The mirror image of that sense of coziness asserts itself in my life today.
I live in an era of cowardice and I don't like it. The stink rubs off on me and I am not proud of my cowardice. I need a shower that will wash me off right down to a place of my beginnings and I doubt if I am alone.
What is a coward? A coward -- the kind that everyone has encountered in school or at work or even at home -- is simply the man or woman or philosophy that cannot or will not own up to his her or its own pronouncements or actions. A coward cannot examine and take responsibility. A coward diverts attention, as with American-flag lapel pins or the insistent use of the word "hero" to describe dead people who are no longer in a position to defend themselves or correct those who imagine that cowardice and praise are not the same.
There is a difference between acknowledging that everyone has a capacity for cowardice and making cowardice the law of the land. I know no man or woman of good sense who simply cannot drum up the energy or courage for one thing or another. Eg.: Even when snakes are benign, still they can arouse a shivering inability to act. And lord knows everyone has made a mistake which, with courage, they can work to correct.
Recently, the man most obvious in this era of cowardice, President Donald Trump, said he was against lesbian, gay, bisexual, and transgender people serving in the military. (1.3 million totality -- LGBT guesstimates range from 1,320 to 6,630) He made the statement publicly. As the commander in chief of the military, the public nature of the utterance has power. As the coward in chief, he is already backing away and letting others cope with the mess he made. The military establishment said it would wait for an order before acting on the implications of Trump's announcement. So far, no such order has been issued.
And that is another marker in this era of cowardice: Raising issues that raise hackles but accomplish nothing. It looks as if the LGBT issue is important and in one sense it may be. But in a very real sense, it is a coward's diversion. If all the LGBT troops were somehow miraculously expunged from military life, what, precisely, would be accomplished? If someone saves your life in a firefight, do you ask what color they are or what sex ... or any other foolish question? It is beyond stupid -- and it is damned near obscene in its segregationist echoes.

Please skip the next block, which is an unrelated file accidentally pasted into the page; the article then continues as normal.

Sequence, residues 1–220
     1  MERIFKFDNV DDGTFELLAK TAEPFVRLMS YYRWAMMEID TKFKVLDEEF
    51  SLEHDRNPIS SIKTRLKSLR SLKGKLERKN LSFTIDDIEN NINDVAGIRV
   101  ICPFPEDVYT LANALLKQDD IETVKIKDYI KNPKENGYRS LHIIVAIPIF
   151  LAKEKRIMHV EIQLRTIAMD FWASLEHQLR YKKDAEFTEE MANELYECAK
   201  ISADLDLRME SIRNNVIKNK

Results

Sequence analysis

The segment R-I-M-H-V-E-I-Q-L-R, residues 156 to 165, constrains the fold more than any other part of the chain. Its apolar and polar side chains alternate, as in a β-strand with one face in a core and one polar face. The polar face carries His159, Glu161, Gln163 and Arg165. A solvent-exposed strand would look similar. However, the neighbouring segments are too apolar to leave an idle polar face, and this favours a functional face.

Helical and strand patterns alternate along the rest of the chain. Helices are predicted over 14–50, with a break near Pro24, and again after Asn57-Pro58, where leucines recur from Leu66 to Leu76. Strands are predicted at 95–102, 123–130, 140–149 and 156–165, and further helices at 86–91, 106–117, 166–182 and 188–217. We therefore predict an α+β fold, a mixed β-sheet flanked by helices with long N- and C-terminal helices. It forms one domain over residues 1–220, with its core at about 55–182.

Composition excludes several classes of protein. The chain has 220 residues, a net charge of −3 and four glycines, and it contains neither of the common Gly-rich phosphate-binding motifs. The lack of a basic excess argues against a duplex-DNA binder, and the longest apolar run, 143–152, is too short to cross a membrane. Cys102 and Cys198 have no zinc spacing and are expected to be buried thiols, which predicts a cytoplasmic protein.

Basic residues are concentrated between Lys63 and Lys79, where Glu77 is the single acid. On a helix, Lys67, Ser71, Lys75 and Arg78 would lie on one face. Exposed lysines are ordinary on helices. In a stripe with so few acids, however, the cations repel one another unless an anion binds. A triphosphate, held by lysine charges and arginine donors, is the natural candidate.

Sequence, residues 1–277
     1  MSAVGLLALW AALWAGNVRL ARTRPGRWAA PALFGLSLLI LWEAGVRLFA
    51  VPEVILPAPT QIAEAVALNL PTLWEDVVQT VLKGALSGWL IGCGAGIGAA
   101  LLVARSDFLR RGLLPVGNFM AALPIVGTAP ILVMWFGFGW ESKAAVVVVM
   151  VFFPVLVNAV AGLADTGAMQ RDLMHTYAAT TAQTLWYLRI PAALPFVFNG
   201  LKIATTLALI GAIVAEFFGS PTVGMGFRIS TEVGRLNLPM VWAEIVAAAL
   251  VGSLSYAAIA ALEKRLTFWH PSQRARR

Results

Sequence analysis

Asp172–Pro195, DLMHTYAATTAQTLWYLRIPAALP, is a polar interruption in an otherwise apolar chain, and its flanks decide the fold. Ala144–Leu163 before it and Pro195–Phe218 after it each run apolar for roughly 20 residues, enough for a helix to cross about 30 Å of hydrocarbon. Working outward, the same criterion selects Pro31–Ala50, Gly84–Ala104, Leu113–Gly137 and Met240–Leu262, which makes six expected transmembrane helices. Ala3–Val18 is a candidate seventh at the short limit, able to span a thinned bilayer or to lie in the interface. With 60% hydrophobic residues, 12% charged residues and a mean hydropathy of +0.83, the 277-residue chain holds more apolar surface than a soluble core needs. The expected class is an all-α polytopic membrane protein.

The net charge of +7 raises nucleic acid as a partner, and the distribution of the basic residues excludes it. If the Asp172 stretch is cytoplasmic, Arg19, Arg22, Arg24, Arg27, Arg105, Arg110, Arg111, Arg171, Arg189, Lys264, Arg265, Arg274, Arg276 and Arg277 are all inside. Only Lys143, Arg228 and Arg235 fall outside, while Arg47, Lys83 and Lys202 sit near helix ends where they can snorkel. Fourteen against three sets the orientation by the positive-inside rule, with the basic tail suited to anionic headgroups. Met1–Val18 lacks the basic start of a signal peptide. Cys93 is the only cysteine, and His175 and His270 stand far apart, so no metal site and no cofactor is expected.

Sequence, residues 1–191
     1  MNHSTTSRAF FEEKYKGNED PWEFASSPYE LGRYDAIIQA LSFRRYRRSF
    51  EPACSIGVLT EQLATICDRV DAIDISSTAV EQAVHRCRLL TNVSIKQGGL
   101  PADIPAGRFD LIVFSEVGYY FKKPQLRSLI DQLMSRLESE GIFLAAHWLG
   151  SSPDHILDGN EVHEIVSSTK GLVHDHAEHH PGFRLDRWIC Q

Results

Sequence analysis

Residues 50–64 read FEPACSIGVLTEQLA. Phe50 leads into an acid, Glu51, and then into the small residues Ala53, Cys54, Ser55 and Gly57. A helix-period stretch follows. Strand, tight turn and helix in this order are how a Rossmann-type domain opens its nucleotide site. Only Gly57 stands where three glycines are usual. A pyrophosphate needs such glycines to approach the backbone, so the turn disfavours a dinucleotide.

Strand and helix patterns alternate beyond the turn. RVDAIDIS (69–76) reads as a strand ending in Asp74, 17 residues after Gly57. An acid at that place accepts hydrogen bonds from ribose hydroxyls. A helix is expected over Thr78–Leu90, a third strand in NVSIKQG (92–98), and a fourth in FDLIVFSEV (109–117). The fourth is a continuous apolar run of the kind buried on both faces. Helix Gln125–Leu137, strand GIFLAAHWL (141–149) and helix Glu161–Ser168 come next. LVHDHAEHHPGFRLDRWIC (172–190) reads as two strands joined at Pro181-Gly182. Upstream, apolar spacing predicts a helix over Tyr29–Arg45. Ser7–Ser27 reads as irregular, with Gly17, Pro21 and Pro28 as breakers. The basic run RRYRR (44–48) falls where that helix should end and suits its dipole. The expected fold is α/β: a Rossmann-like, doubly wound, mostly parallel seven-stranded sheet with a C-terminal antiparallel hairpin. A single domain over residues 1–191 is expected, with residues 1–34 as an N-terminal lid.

In the midst of the LGBT dust storm, it is hard to winkle out what is being accomplished. Health care is entangled like a kitten in a ball of yarn. And the coward in chief remains talkative but aloof and lets others clean up his mess. Tax reform nags like a splinter under the finger nail and the coward and chief remains talkative but aloof. Infrastructure remains unfixed and former coal miners still don't have jobs. And the coward in chief remains talkative but aloof. Hammering out compromises between left and right is hardly the sound heard in the D.C. smithy. Foreign affairs are reconfigured in the coward in chief's mouth but of course the coward in chief can only acknowledge what is "very, very" good and redounds to his credit. Climate change is ... oh well, it's the same story on a different day: dismantle what is and claim credit for what might be even if nothing gets done.
I shudder at the notion of compiling a laundry list of the ways in which my era has turned to cowardice as a place of solace and certainty. There is the coward in chief leading the parade, but the era has devolved with him into a kerfuffle of trying to clean up his messes. Everyone is scrambling. And everyone stinks of the body odor of cowardice -- the me-me-me paradoxically coupled with it's not-my-fault or that's-not-what-I-meant.
I'm sick of it. Doesn't there come a time when anyone might literally rather die than have one more twig added to the bonfire of cowardice?
Yes, I have the capacity for cowardice. Yes, I do what I can to live with it. But no, I refuse to decline the responsibilities that are mine. This does not make me courageous in any flag-waving sense. It just means I prefer to aim for decency instead of horse shit. No lapel pins. No heroes. No passing the buck.
This is mine: The bathroom mirror.
I avoid mirrors anymore. I feel bad, why should i know that i look bad?ReplyDelete
These days a friend of mine suggested watching a couple of episodes of RuPaul's Drag Queen Competition.ReplyDelete
Perhaps Mr. Trump should watch it. It makes a good case of how gay men can not only be fiercely vicious and cruel, even to eachother, but even go as far as being in-your-face honest about it and making an art form out of it.
Some may say "a dog that barks doesn't bite" - and maybe they're right - but I rather not face a well-trained RuPaul carrying a machine gun... Just in case.
In any case, even if RuPaul's queens' precision with a gun were only half of what they show with words, they'd still be deadlier than a draft-dodger.
Writing that last comment did make me wonder if, in the end, barring LGBT from the battlefield might come down to high-rank desk officers and presidential draft-dodgers feeling somewhat humiliated and "less manly than what they should"...ReplyDelete
A gay man or woman doing a job that I - a "real man" - rather not? Maybe it hurts their manly pride...
You make a good case. I'll make another - keep your eye on your targets.ReplyDelete
Trump or someone on his team learned the lesson of distract. But, yes, it could also be that Donald has the attention span and moral sensibilities of a 6 year old. Either way, if we believe Affordable Health Care, and rights and respect for all, then stay the course.
BTW- I wrote and thanked John McCain for his vote. Yes, it did occur to me that the Republicans had to put a show on for their base. I still thanked McCain.